how to use template metaprogramming to write functional code in c++
You might be approaching the subject from a wrong angle. Metaprogramming involves writing instructions for how to write programs, reaching a level of abstraction beyond normal programming. (For more information, I recommend A: What is metaprogramming? by ShuggyCoUk.)
When you write a class template, you are not defining a class. Rather, you write instructions that tell the compiler how to write variations of a class definition that are adapted to different scenarios. Read that sentence again, but with the recognition that "instructions for a computer" means "a program" and that "a class definition" is part of a program. That sentence basically says that writing a (class) template is writing a program that writes (part of) a program. Programs that write programs is the "meta" aspect of "metaprogramming".
Now think about the life cycle of a typical C++ program. Source code is written, the program is converted by a compiler to an executable, then the executable is run. Write, compile, then run, as three disjoint steps. Let's assume that adding steps to this sequence is not an option. (Other languages may choose a different approach.) If the program produced by metaprogramming is to become executable, that program better exist before the compiler is done.
That is the key aspect of metaprogramming as it relates to this question. Metaprograms are written at the same time as other code, and the resulting program is run at the same times as normal. The conversion from "metaprogram" to "program" occurs during compilation. The metaprogram is "executed" by the compiler to produce program pieces that are then incorporated into the rest of your code. Metaprogramming targets the compiler. All inputs to metaprograms must be known by the compiler, hence known at the time of compilation.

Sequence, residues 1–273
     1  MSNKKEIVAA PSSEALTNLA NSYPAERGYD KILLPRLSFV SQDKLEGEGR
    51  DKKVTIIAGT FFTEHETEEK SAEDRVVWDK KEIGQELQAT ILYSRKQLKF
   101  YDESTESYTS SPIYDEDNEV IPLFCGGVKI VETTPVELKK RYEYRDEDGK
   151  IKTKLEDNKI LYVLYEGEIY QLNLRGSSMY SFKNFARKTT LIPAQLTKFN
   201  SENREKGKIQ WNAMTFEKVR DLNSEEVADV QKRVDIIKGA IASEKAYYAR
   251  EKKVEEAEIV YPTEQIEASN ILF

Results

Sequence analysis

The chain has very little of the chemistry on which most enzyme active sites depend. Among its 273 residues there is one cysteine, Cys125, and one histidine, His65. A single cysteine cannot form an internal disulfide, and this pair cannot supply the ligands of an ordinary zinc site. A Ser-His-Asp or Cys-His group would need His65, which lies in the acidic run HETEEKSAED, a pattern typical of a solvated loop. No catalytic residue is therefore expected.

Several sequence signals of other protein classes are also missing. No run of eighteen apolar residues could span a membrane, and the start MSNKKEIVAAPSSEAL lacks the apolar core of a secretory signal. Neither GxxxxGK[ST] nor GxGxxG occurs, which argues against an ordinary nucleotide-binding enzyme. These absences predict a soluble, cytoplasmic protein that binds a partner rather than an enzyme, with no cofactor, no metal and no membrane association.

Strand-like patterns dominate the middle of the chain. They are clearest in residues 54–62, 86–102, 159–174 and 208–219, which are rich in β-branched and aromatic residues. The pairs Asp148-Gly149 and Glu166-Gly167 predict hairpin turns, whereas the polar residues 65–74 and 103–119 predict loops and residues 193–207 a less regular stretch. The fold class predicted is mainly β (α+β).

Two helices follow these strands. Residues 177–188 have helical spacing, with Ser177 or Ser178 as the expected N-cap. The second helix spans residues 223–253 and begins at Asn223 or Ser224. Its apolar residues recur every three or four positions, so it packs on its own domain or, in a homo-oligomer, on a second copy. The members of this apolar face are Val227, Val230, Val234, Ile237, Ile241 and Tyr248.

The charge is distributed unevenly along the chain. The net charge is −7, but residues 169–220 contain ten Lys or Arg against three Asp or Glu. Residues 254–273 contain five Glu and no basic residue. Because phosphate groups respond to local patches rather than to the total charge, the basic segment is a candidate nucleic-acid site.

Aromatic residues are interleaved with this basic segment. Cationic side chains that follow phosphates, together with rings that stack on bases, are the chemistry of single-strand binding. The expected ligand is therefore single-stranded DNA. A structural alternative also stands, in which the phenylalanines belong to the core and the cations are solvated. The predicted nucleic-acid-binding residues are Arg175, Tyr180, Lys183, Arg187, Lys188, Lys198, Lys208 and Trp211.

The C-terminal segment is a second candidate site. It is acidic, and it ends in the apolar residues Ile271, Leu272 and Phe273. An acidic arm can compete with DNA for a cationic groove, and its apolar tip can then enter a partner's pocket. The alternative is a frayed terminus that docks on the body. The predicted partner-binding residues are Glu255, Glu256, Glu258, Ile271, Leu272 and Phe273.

The values of most variables are not known to the compiler, as the values often change while the program runs. These values cannot be used as inputs to C++ metaprogramming. The exceptions are variables marked as
constexpr, a marking that means the value is knowable by the compiler. A
constexpr variable can be used as a template argument; other variables cannot.
Specific case: Fibonacci
Fib example tells the compiler how to define each member of a family of
structs. For any triple of
ints, the compiler can apply your template to generate the definition of the corresponding
struct. There happens to be a way to get certain Fibonacci numbers from certain members of this family, but at its core, you have simply written the instructions for defining the members of this family.
The compiler is not going to create every possible member of this family. (Even with the smallest allowable
int implementation, there are over 200 trillion members of this family.) Rather, the compiler will create just those members that it knows it needs. You can get the compiler to produce any specific Fibonacci number (up to certain implementation limits), but it will not produce every Fibonacci number (even subject to the limitation that the number be small enough to fit in an
Metaprogramming is useful for calculating based on values known at compile-time, but to calculate based on run-time values, you need a run-time function. Use the right tool for the job.